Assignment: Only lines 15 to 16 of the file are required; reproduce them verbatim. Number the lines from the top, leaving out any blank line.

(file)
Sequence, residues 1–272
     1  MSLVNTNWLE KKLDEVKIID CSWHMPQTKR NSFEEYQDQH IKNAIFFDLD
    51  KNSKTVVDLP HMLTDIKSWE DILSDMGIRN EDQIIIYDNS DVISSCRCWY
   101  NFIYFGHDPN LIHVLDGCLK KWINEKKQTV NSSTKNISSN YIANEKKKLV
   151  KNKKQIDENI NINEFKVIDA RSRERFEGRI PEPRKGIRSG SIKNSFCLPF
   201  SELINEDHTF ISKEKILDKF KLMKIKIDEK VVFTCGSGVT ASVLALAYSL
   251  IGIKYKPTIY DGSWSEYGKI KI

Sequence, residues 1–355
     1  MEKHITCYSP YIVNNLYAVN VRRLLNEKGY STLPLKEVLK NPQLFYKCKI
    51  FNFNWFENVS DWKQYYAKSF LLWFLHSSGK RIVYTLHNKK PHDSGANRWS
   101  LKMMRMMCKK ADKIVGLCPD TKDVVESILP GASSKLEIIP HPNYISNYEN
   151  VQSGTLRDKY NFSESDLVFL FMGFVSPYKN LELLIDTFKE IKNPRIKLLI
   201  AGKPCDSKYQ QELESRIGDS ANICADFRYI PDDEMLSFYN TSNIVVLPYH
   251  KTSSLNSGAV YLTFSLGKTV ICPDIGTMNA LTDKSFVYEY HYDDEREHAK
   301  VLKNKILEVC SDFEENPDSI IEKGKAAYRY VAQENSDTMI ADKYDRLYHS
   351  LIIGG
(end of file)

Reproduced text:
   301  VLKNKILEVC SDFEENPDSI IEKGKAAYRY VAQENSDTMI ADKYDRLYHS
   351  LIIGG